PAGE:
Project Gutenberg is unique in its accessibility. However, larger in scope are the Internet Archive’s two digital libraries. The Open Library is a catalog of 20 million books, some with limited online copies and some that simply do not exist online. The National Emergency Library is a compilation of 1.4 million modern books for which the Internet Archive has chosen to suspend waitlists, due to the Coronavirus pandemic. 

The downsides are that both libraries require readers to create a free account and seem to only lend books in one format: uploaded images of individual pages. This takes away a lot of the benefits of ebooks, but it does bring back a bit of the feeling of checking a physical book out of the library. “There’s something about having a book in your hands and turning the pages that an ebook can never replace,” said Bronx Science librarian Ms. Sweis. The Open and National Emergency Libraries come a bit closer to doing so.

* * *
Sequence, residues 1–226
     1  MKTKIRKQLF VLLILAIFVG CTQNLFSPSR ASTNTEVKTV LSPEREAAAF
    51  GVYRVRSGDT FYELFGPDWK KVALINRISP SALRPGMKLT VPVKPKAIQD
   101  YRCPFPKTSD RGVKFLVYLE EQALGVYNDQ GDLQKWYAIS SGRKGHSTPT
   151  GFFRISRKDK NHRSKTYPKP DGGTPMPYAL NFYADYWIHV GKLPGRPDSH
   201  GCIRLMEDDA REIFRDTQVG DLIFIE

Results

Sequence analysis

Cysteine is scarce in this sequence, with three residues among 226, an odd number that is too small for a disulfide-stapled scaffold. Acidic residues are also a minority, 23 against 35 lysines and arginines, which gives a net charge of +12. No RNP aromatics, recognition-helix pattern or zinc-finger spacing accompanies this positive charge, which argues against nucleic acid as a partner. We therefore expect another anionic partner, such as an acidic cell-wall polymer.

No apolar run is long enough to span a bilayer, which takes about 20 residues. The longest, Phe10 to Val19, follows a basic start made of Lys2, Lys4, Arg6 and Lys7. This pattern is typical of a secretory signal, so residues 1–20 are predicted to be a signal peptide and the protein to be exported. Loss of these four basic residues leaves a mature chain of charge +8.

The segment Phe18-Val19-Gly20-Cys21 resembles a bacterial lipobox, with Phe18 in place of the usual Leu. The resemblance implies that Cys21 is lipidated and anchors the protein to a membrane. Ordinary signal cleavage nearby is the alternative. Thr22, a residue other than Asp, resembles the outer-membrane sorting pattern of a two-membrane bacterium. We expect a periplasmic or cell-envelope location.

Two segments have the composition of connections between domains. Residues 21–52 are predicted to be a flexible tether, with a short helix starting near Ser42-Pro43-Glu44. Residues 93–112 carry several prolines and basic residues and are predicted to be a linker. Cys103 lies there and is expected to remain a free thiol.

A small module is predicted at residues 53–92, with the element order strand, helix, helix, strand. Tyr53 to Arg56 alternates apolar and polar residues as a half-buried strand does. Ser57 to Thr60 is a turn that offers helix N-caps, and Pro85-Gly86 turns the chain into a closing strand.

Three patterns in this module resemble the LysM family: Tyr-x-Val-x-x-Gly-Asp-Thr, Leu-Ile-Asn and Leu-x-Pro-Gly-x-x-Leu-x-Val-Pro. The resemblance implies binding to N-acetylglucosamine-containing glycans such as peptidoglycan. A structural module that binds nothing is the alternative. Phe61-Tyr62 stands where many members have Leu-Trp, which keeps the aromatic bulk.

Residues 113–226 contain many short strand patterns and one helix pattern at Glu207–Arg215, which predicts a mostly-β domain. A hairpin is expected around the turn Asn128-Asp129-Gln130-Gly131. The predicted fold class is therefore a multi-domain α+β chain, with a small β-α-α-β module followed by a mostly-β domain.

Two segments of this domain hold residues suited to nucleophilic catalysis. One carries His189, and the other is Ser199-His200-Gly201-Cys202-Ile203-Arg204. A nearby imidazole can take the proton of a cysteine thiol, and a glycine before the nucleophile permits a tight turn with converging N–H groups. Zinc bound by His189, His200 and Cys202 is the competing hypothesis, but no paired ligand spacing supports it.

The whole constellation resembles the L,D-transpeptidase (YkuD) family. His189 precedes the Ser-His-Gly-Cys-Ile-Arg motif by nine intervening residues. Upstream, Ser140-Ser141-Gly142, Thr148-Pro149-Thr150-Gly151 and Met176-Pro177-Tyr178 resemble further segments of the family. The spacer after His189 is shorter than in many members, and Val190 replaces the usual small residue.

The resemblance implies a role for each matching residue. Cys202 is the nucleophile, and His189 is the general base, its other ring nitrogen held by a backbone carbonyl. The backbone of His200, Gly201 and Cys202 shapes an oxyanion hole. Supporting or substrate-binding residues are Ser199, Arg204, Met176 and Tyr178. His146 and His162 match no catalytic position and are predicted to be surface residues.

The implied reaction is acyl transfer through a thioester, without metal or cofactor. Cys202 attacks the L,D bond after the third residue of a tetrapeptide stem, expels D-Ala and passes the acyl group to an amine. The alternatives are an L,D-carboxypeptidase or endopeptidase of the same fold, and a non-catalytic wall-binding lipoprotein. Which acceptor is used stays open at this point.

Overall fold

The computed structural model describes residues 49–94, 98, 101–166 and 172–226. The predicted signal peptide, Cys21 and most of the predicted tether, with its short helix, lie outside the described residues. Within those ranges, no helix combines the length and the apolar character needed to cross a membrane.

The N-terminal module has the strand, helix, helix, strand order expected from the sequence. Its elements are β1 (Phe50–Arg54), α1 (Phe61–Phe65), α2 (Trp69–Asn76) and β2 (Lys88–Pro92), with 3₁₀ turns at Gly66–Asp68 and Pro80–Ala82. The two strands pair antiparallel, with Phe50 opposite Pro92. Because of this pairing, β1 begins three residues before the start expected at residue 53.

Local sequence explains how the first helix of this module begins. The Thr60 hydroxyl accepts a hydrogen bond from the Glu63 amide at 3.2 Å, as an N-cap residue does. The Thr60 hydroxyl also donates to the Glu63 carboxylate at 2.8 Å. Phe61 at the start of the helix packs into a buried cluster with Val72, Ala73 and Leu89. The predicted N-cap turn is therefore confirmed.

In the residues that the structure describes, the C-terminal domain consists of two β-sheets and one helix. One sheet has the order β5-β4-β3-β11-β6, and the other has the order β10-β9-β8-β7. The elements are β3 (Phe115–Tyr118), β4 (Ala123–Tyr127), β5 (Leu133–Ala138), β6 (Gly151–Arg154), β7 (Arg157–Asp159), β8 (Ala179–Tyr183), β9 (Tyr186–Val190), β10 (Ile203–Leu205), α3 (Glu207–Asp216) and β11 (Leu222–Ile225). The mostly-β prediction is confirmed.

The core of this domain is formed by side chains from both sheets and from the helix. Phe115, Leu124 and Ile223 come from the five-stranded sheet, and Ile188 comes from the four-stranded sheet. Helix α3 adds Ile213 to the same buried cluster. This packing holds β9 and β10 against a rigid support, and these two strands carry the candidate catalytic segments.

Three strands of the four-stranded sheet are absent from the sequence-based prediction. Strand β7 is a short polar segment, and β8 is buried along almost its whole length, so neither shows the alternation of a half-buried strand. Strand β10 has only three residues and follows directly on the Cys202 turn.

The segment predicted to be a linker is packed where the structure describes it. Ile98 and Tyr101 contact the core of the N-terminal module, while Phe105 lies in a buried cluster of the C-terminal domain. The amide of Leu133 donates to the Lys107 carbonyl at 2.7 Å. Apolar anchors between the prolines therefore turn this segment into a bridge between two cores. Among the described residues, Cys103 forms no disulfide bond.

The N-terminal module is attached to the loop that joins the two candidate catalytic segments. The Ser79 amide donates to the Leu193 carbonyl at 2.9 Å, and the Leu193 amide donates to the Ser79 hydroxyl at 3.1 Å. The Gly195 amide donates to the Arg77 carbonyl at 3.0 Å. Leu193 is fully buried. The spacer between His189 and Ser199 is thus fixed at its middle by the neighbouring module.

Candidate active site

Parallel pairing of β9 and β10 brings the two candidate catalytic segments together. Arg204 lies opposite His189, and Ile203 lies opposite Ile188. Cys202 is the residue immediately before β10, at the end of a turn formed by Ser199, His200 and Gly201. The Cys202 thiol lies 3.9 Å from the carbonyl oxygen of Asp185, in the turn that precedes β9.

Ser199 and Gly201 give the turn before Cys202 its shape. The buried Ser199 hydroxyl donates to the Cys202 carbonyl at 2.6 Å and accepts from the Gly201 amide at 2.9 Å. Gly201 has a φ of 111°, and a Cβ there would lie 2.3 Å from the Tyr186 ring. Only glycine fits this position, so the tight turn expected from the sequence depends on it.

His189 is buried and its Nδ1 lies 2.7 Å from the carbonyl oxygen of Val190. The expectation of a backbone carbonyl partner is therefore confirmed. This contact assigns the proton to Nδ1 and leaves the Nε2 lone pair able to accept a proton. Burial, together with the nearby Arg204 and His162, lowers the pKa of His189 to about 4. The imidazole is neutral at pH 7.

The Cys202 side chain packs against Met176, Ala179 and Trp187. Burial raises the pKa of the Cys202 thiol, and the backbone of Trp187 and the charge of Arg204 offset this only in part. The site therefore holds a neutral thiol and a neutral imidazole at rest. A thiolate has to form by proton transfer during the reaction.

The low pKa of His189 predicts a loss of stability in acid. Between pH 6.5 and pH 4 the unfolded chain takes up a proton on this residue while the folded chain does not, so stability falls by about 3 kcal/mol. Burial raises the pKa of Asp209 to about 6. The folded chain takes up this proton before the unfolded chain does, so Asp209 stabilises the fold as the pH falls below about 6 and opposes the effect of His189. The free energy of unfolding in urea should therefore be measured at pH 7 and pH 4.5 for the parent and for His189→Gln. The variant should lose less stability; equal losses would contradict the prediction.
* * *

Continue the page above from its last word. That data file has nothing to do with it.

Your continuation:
While the above websites have their own ways to facilitate literary exploration, like “bookshelves” organized by genre or lists of recently returned ebooks, none are very effective. And if you are not looking for anything specific, millennia worth of global literature can make for an overwhelming list from which to choose. The following suggestions are a place to start and include more niche collections of books.

The Colour Out of Space – H.P. Lovecraft (The H.P. Lovecraft Archive)